Int. J. Dev. Biol. 54: 1685 - 1695 (2010)
doi: 10.1387/ijdb.103248mb
© UPV/EHU Press

Reprogramming cell fate: a scientific journey from viral enhancers to the master gene regulator Oct4 - an interview with Hans R. Schöler

Michele Boiani*

Max-Planck Institute for Molecular Biomedicine, Münster, Germany

ABSTRACT As science advances, old ideas once considered dogmas are called into question by new observations that reshape our understanding of the biology and evolution of mammals. The fate of embryonic cells has long been considered as sealed, in mammals, at the stage of gastrulation, when the soma (ectoderm, mesoderm, endoderm) and the germ cells segregate from each other owing to the switching on and off of distinct gene expression programs. In this context, the term "reprogramming" means the conversion of a cell's gene expression program, from one characteristic of that cell into one characteristic of a different cell type. Programming and reprogramming rely on orchestras of genes. Dr. Schöler takes us through his scientific journey from his early attempts to clone and study developmentally important genes in viruses, to his discovery of the "master" gene Pou5f1 encoding the transcription factor Oct4. Expression of Pou5f1 marks the cells that belong to the germline - the "metagroup" of cells (including germ cells) that can pass genetic information on to the next generation. Once the germ cells have been set aside and organogenesis has taken place, Oct4 is dispensable in the soma, yet its forced expression elicits a reprogramming process that brings about a pluripotent cell state. To what extent is somatic cell reprogramming dependent on Oct4? Can cells "jump" across the germ layers without Oct4? Can reprogramming ever be perfect if cells do not pass through the germline, which is the natural way of reprogramming genomes through sexual reproduction? These and other burning questions are the topic of this interview with Dr. Schöler.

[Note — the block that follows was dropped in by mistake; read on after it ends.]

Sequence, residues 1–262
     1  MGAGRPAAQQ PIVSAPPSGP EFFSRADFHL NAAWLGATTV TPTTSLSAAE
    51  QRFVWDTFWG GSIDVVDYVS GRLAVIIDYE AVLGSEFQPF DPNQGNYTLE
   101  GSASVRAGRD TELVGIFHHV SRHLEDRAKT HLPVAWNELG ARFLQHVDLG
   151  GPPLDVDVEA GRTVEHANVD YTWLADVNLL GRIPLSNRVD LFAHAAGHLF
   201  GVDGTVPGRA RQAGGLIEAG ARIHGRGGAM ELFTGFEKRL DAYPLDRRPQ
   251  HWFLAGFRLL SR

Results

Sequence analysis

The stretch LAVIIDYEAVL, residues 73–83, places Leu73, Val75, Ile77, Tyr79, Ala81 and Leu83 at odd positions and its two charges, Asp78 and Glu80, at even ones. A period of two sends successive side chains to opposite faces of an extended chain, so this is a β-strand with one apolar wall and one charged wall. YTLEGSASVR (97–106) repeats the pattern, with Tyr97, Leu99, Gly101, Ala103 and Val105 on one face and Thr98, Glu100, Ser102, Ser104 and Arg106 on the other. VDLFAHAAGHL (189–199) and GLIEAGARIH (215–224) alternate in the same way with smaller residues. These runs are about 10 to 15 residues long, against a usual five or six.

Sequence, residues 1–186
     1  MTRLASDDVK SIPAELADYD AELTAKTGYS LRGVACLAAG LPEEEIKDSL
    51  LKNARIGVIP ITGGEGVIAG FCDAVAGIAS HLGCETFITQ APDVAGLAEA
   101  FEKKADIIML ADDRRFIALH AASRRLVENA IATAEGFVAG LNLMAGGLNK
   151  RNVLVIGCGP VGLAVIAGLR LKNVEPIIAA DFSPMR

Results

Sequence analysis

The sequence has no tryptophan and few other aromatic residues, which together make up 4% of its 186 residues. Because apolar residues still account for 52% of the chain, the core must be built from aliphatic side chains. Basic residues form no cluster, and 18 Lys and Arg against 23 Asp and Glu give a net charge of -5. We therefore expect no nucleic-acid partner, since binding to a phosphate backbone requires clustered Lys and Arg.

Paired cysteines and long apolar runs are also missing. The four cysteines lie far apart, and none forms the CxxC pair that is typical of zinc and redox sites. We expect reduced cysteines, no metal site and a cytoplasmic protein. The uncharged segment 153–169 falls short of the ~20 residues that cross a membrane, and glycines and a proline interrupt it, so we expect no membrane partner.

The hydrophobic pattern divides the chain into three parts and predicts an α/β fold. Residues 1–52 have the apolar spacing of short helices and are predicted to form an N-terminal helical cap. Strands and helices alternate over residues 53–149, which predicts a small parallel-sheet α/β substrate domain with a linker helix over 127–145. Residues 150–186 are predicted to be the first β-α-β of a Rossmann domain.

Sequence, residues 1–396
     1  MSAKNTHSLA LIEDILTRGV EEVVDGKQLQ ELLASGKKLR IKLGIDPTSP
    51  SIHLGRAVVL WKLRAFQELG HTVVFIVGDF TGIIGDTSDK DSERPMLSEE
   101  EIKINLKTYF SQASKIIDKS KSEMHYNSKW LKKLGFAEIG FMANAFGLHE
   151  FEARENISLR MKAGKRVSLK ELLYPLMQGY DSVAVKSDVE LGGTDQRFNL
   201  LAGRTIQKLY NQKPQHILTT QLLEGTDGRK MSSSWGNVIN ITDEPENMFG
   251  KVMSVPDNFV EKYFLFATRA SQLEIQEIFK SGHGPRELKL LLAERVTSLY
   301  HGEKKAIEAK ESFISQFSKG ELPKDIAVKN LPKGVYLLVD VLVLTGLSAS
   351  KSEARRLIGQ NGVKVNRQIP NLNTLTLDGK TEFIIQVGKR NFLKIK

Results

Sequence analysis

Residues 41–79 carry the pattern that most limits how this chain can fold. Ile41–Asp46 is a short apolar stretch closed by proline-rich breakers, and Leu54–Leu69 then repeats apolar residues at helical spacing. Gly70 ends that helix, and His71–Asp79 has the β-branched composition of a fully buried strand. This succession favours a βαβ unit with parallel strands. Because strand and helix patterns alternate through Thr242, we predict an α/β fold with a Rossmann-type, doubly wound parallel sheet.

cell fate, ES cell, Oct4, pluripotency, reprogramming

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